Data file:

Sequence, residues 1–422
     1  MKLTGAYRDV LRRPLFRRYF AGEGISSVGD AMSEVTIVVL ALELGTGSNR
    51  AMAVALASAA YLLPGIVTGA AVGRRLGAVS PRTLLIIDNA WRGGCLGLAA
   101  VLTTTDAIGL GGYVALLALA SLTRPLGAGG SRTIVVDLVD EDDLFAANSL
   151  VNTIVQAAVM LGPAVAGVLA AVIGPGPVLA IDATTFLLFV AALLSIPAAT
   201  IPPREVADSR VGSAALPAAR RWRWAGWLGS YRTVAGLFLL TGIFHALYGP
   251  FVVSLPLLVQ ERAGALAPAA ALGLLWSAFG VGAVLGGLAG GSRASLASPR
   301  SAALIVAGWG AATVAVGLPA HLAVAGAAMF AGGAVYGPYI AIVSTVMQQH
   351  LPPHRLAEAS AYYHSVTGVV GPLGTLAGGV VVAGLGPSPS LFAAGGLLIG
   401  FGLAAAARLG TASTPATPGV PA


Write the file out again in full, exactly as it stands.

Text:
Sequence, residues 1–422
     1  MKLTGAYRDV LRRPLFRRYF AGEGISSVGD AMSEVTIVVL ALELGTGSNR
    51  AMAVALASAA YLLPGIVTGA AVGRRLGAVS PRTLLIIDNA WRGGCLGLAA
   101  VLTTTDAIGL GGYVALLALA SLTRPLGAGG SRTIVVDLVD EDDLFAANSL
   151  VNTIVQAAVM LGPAVAGVLA AVIGPGPVLA IDATTFLLFV AALLSIPAAT
   201  IPPREVADSR VGSAALPAAR RWRWAGWLGS YRTVAGLFLL TGIFHALYGP
   251  FVVSLPLLVQ ERAGALAPAA ALGLLWSAFG VGAVLGGLAG GSRASLASPR
   301  SAALIVAGWG AATVAVGLPA HLAVAGAAMF AGGAVYGPYI AIVSTVMQQH
   351  LPPHRLAEAS AYYHSVTGVV GPLGTLAGGV VVAGLGPSPS LFAAGGLLIG
   401  FGLAAAARLG TASTPATPGV PA